Why Can’t My Friend Leave The Abuse? July 27, 2011Posted by Kate in Domestic Abuse, help a friend.
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There are many reasons your friend or loved one may be resisting your heartfelt encouragement to break it off with his or her partner:
- Their partner wasn’t always this way. Keep in mind, your friend or loved one didn’t get into the relationship with someone who said “I am going to call you names, obsessively text you and slaughter your self-esteem.” The relationship probably started off with an awesome first date, but the red flags started showing after your friend or loved one had already developed feelings for their abusive partner. Your friend may still be holding on to an image of their abusive partner from the beginning of the relationship.
- They think their abusive partner will change. He’s just stressed right now, her parents are really getting to her, it’s only when he’s drunk, she’ll change when things are better. After your friend or loved one is slapped or screamed at, their partner may be coming back and apologizing, promising it will never happen again. Your friend or loved one has invested time and feelings into this relationship and wants it to work out. Your friend may believe that their partner is going to become a different partner and the abuse will stop.
- They are afraid what’s going to happen after they leave. Abusers, in desperation mode when they sense their partner is going to leave, will escalate the intimidation and violence; even threaten suicide if your friend leaves. The most dangerous time for someone in an abusive relationship is when they are leaving. It takes, on average, seven or eight attempts for someone to leave their abusive partner.
- They are still financially or legally tied to their abuser. If your friend lives with the abusive partner, has a child with them or is married to them, then making the decision to cut off the relationship can be even more heart-wrenching. Even if your friend just goes to the same high school or college as their partner, they may still have to see the person who punched them, called them a ‘slut,’ and terrorized them daily again. No matter what, your friend will have to see the abuser again to sort these matters out- this is terrifying.
- They still love their partner. This may be the hardest for you to swallow. It doesn’t make sense, but your friend may still have feelings for their abuser. As we said above, their partner wasn’t always this way, and there may be times when the abuser resembles the nicer, gentler person whom your friend or loved one wants to be with. The emotional ties will still be there, even after the relationship ends.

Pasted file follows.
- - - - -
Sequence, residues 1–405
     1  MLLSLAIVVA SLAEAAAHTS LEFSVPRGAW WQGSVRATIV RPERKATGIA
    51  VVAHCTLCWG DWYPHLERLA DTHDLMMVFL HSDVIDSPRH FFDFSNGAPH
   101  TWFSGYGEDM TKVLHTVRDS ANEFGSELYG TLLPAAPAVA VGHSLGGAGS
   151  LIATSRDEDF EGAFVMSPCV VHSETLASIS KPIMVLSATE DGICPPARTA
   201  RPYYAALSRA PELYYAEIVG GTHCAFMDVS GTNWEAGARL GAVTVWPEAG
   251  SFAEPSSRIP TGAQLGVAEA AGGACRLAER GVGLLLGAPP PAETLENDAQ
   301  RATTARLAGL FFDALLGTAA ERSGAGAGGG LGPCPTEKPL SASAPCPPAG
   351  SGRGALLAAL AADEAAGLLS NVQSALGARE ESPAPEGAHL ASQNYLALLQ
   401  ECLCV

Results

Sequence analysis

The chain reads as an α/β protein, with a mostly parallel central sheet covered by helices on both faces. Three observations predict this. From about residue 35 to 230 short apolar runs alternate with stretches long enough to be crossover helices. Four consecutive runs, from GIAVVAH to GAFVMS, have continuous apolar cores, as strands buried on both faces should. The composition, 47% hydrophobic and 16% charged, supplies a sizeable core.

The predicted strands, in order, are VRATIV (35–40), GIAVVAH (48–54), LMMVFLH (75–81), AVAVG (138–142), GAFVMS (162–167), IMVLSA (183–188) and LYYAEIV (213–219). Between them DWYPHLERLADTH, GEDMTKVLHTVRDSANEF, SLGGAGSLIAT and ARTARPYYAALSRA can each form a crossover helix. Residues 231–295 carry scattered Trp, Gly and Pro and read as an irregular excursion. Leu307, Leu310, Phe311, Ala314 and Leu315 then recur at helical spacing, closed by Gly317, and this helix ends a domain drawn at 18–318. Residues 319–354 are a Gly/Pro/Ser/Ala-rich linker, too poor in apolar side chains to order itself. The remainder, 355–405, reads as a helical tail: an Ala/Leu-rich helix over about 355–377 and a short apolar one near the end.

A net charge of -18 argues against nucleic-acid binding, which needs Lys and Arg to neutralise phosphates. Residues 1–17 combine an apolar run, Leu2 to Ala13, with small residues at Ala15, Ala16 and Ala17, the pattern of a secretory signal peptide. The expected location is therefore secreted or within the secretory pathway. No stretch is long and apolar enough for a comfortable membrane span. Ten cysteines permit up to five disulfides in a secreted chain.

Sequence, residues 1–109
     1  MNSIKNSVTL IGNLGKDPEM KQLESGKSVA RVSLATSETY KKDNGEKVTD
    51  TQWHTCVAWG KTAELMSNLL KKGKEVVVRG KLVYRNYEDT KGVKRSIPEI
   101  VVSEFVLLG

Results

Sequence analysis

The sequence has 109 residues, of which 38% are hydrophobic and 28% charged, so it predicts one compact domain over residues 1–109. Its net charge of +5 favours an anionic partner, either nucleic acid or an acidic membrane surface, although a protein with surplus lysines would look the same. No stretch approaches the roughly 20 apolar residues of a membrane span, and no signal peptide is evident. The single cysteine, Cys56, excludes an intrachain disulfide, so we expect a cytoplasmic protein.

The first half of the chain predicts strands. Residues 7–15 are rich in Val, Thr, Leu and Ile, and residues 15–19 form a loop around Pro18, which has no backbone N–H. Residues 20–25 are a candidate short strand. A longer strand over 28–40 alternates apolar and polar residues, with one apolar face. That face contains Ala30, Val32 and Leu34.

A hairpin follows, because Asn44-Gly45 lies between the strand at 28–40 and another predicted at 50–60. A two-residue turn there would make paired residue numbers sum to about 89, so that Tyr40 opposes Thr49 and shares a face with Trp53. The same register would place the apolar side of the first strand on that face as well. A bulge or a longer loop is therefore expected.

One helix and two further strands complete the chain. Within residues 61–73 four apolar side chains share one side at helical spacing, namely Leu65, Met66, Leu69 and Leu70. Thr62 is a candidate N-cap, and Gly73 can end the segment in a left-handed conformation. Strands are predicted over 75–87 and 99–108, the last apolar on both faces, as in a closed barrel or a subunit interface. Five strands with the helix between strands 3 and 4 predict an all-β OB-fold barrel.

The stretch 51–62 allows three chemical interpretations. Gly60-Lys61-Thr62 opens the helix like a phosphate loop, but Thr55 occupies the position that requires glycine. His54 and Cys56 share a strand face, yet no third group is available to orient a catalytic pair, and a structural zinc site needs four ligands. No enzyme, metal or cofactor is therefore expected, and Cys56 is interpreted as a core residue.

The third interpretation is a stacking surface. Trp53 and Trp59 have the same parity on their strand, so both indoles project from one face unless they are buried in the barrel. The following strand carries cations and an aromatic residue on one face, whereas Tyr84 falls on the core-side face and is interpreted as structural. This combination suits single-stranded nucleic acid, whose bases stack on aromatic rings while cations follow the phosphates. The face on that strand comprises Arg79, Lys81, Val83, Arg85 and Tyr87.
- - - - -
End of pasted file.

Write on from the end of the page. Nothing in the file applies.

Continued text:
- They feel like they have nowhere to turn. You’re frustrated. Your other friends are frustrated. Your friend’s family is frustrated. No one wants to be the shoulder to cry on, when you have already said more times than you count that he or she just needs to move on. You’re sick of it- we get it. But, look, this is when your friend or loved one needs you the most- this is a serious emotional crisis for them, and no one can get through it alone. Start the conversation with “I’m sorry about the things I’ve said in the past, but I want to be here for you in every way that I can. I support and care about you, and this is where I’m coming from.” When they are ready to make the choice to break things off, they will know they can turn to you.
Remember: it takes tremendous amounts of courage to leave an abusive relationship- your friend or loved one needs all the support they can get.
You may have more questions, or you may just need to vent about the situation you’re in with your friend. Call Love Is Respect at 1-866-331-9474.
SOURCE: Love Is Respect
Personal Story From Friend of unfollowcharlie April 1, 2011Posted by kelllo in Domestic Abuse, help a friend, Personal Stories, Women Who Rock.
Tags: domestic violence, getting help, how to ask for help, personal stories of domestic violence
We were sent this heartbreaking, yet inspiring story by one of our dear unfollowcharlie friends and co-founders.
Please. If you are in a similar situation, please seek help. From a friend. From an expert. From family. From the police. From an anonymous source. Anyone.
Call 1-800-787-SAFE for immediate help.
I didnt share any personal stories in the last thread about my ex husband, but I will here. He thought that if he didnt hit me with his hands, it could not be called abuse. He would hit me with a bat, pans, break glass over my head. Lock me in closets. I had a 5 month old baby and was living far from home. When I left Modesto to live in TX I gave everyone my new address in Dallas. When we drove through Dallas, I realized we werent going to live there after all. When we got to our new place 3 hours past Dallas, it occurred to me I might be in trouble. The phone was locked with a code so I could not call anyone. I started stealing nickels and dimes from him so I could use the pay phone near the corner. I didnt want to steal quarters b/c I knew he would notice those missing. He also enjoyed doing this new thing called “digging a grave” where he had a tiny grave and a bigger grave dug out in the back yard. (more…)